The city's Department of Corrections budget has increased by 44% in the last decade to $1.36 billion despite the inmate population declining to its lowest point in more than 30 years, according to a report issued Wednesday by New York City Comptroller Scott Stringer.
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The report showed the department spent $143,130 on each inmate at the 12 city jail complexes in fiscal 2017 compared with $67,565 in fiscal year 2007. During that time, the average daily inmate population declined from 13,987 to 9,500 -- a 34-year-low.
"An extraordinary decline in inmates should yield cost-savings and better all-around outcomes -- not dramatic spending increases," Mr. Stringer said in a statement. "We have to do better, and as this analysis makes clear, we're putting far more money into far fewer inmates."
City officials say that money is being well spent on skill-development programs for inmates designed to help them readjust to society after they are released. A Department of Corrections spokesman noted $93 million in funding Mayor Bill de Blasio has invested since fiscal 2016 for such programs and job training.
The money also is used to improve safety conditions, the spokesman said, including surveillance cameras, safety equipment and X-ray machines.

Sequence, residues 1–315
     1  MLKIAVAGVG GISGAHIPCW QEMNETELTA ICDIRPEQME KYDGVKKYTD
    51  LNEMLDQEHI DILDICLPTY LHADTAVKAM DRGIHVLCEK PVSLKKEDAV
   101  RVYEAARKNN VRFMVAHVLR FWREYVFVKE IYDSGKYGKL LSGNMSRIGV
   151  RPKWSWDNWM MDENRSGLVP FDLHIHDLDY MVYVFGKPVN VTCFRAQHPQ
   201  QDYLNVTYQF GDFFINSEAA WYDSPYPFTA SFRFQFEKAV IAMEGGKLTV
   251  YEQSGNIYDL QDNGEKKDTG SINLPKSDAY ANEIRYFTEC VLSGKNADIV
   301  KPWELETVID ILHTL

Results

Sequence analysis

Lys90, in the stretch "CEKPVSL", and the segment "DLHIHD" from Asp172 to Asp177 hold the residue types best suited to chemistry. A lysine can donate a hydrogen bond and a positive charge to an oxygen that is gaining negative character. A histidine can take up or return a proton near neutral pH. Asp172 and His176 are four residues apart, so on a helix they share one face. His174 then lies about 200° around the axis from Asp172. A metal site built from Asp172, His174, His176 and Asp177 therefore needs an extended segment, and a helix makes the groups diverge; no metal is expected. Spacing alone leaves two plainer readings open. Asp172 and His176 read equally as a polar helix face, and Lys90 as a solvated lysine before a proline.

But Mr. Stringer's report showed the rate of violence per number of inmates has increased. The number of assault infractions per 1,000 inmates increased from 470 in 2007 to 1,332 in 2017. The number grew even though there were more uniformed corrections officials in jails than inmates for a second consecutive year.
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Natalie Grybauskas, a spokeswoman for the mayor, said the rate of violence is a result of the city's efforts to divert low-level offenders out of jail.
"We're proud of our success in reducing the jail population, and we're proud of New York City the reforms that have made Rikers safer for staff and inmates," she said of the New York City jail complex. "Our investments in safety and skills development for staff and inmates cost money but have been key in improving conditions in our jails."
Others said the increase in violence, despite more spending, is a reason to close the Rikers Island jail quickly.
Richard Aborn, president of the Citizens Crime Commission, a public-safety policy organization, lauded the increased funding for skills-development programs, but said it should come with a decrease in violence.
"No matter what we do or what we spend, Rikers keeps getting worse," he said. "To me there is one solution, close it fast and close it yesterday."
Mr. de Blasio has said his administration's plan is to close the complex in at least a decade by building new jails throughout the city.
Write to Zolan Kanno-Youngs at Zolan.Kanno-Youngs@wsj.com
(END) Dow Jones Newswires
November 14, 2017 17:59 ET (22:59 GMT)